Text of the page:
31. Commenters unable to file comments electronically must mail or hand deliver an original copys of their comments to: Federal Energy Regulatory Commission, Secretary of the Commission, 888 First Street, NE., Washington, DC, 20426. These requirements can be found on the Commission's Web site, see, e.g., the “Quick Reference Guide for Paper Submissions,”available at http://www.ferc.gov/docs-filing/efiling.asp or via phone from FERC Online Support at (202) 502-6652 or toll-free at 1-866-208-3676.
32. All comments will be placed in the Commission's public files and may be viewed, printed, or downloaded remotely as described in the Document Availability section below. Commenters on this proposal are not required to serve copies of their comments on other commenters.
VII. Document Availability ↑
33. In addition to publishing the full text of this document in the Federal Register, the Commission provides all interested persons an opportunity to view and/or print the contents of this document via the Internet through FERC's Home Page (http://www.ferc.gov) and in FERC's Public Reference Room during normal business hours (8:30 a.m. to 5 p.m. Eastern time) at 888 First Street, NE., Room 2A, Washington, DC 20426.
34. From FERC's Home Page on the Internet, this information is available in the eLibrary. The full text of this document is available in the eLibrary both in PDF and Microsoft Word format for viewing, printing, and/or downloading. To access this document in eLibrary, type the docket number excluding the last three digits of this document in the docket number field.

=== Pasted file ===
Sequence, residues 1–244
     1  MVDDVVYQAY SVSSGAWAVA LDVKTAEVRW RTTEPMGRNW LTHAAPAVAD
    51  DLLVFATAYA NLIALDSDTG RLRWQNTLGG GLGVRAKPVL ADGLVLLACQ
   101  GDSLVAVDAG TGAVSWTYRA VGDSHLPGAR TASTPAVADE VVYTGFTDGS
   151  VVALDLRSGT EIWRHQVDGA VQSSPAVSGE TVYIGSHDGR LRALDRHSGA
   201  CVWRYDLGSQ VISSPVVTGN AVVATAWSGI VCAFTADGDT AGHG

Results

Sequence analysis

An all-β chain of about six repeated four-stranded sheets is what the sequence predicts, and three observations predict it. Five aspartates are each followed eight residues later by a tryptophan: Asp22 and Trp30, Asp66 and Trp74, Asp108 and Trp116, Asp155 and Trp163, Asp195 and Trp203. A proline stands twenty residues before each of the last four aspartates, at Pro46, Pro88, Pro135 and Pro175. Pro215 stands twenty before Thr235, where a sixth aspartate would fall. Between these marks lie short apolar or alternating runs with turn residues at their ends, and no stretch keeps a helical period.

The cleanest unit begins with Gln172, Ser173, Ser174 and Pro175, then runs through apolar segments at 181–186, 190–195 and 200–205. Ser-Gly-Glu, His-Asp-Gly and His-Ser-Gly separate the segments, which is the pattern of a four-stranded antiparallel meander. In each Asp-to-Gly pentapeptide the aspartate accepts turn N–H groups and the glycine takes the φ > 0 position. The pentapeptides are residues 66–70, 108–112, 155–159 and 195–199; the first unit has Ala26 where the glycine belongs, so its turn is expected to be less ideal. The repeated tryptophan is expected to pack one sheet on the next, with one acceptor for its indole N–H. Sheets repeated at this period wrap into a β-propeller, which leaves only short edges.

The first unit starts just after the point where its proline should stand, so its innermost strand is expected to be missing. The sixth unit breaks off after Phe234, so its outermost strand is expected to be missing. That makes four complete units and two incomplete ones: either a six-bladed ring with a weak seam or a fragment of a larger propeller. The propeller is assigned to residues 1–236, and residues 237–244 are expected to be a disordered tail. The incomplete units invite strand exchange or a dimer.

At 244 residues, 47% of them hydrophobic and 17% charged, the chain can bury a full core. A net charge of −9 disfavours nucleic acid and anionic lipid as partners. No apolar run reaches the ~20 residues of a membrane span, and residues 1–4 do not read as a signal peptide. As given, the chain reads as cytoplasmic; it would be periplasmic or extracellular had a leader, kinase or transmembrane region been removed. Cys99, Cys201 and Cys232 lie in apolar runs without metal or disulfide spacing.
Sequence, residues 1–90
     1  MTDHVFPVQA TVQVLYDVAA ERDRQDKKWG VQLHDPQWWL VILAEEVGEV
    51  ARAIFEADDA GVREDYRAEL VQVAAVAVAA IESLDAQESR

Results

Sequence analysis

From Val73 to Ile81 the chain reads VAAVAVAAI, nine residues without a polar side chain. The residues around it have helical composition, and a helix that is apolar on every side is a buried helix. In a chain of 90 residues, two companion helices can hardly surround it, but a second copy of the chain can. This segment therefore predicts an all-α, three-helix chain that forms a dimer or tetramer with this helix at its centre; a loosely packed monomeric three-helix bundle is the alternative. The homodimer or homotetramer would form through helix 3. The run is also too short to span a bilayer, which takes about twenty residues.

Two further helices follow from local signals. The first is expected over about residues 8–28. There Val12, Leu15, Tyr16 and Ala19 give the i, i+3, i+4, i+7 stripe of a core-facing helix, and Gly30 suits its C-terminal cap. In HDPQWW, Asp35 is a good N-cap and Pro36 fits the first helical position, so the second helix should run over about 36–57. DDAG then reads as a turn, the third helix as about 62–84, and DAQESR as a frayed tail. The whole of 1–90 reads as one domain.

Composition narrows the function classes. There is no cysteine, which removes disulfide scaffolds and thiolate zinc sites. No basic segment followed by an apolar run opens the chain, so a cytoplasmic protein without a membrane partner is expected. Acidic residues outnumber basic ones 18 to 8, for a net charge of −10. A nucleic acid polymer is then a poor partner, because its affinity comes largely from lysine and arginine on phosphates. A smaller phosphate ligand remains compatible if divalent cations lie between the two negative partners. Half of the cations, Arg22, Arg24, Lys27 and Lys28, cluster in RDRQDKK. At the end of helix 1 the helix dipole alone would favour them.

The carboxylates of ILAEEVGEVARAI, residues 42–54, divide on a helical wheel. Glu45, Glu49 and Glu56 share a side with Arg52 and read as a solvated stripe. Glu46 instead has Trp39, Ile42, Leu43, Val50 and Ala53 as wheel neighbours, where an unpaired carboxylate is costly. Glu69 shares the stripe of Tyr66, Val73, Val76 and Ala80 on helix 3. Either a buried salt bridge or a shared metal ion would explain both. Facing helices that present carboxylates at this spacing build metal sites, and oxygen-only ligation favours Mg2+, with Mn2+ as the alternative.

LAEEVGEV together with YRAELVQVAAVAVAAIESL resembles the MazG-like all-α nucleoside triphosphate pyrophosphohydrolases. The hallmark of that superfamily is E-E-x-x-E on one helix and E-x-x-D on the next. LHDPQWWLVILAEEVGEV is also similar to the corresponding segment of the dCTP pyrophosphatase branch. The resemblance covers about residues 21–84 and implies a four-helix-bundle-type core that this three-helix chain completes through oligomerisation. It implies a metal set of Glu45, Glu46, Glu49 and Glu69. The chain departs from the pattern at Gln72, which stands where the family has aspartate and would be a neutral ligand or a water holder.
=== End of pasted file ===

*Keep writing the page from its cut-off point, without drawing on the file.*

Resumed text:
35. User assistance is available for eLibrary and the FERC's Web site during our normal business hours. For assistance contact FERC Online Support at FERCOnlineSupport@ferc.gov or toll-free at (866) 208-3676, or for TTY, contact (202) 502-8659.
List of subjects in 18 cfr part 366 ↑
Electric power, and Reporting and recordkeeping requirements.
By direction of the Commission.Kimberly D. Bose, Secretary.
In consideration of the foregoing, the Commission proposes to revise Chapter I, Title 18, part 366 of the Code of Federal Regulations, as follows:
Part 366—books and records ↑
1. The authority citation for part 366 continues to read as follows:
2. In § 366.2, redesignate paragraph (d) as paragraph (e) and add a new paragraph (d) to read as follows:§ 366.2 * * * * *
(d)Electric Reliability Organization. The Electric Reliability Organization certified by the Commission under § 39.3 of this chapter will make available to Commission staff, on an ongoing basis, access to the complete electronic tags (e-Tags), or any successor to e-Tags, used to schedule the transmission of electric power in wholesale markets. The complete e-Tag data to be made available under this section shall consist of e-Tags for interchange transactions scheduled to flow into, out of or within the United States' portion of the Eastern or Western Interconnections, or into or out of the Electric Reliability Council of Texas and into or out of the United States' portion of the Eastern or Western Interconnections.* * * * *